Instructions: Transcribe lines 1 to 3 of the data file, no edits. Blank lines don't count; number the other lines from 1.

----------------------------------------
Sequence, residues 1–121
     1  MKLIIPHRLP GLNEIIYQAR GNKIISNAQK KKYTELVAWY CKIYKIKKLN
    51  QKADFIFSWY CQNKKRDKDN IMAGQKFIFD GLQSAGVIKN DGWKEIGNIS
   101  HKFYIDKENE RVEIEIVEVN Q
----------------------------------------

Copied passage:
Sequence, residues 1–121
     1  MKLIIPHRLP GLNEIIYQAR GNKIISNAQK KKYTELVAWY CKIYKIKKLN
    51  QKADFIFSWY CQNKKRDKDN IMAGQKFIFD GLQSAGVIKN DGWKEIGNIS